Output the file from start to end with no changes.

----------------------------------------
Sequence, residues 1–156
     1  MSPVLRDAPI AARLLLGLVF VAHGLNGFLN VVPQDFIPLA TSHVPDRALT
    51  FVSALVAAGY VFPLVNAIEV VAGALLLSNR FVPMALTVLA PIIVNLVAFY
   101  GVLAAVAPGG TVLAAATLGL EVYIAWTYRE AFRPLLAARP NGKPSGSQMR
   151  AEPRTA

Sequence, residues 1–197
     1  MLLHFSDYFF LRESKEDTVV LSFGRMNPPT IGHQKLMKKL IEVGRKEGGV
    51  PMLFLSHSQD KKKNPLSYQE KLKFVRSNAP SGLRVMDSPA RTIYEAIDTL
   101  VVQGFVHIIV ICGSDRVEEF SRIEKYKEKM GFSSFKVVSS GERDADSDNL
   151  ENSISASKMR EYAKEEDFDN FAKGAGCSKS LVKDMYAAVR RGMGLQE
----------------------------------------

Sequence, residues 1–156
     1  MSPVLRDAPI AARLLLGLVF VAHGLNGFLN VVPQDFIPLA TSHVPDRALT
    51  FVSALVAAGY VFPLVNAIEV VAGALLLSNR FVPMALTVLA PIIVNLVAFY
   101  GVLAAVAPGG TVLAAATLGL EVYIAWTYRE AFRPLLAARP NGKPSGSQMR
   151  AEPRTA

Sequence, residues 1–197
     1  MLLHFSDYFF LRESKEDTVV LSFGRMNPPT IGHQKLMKKL IEVGRKEGGV
    51  PMLFLSHSQD KKKNPLSYQE KLKFVRSNAP SGLRVMDSPA RTIYEAIDTL
   101  VVQGFVHIIV ICGSDRVEEF SRIEKYKEKM GFSSFKVVSS GERDADSDNL
   151  ENSISASKMR EYAKEEDFDN FAKGAGCSKS LVKDMYAAVR RGMGLQE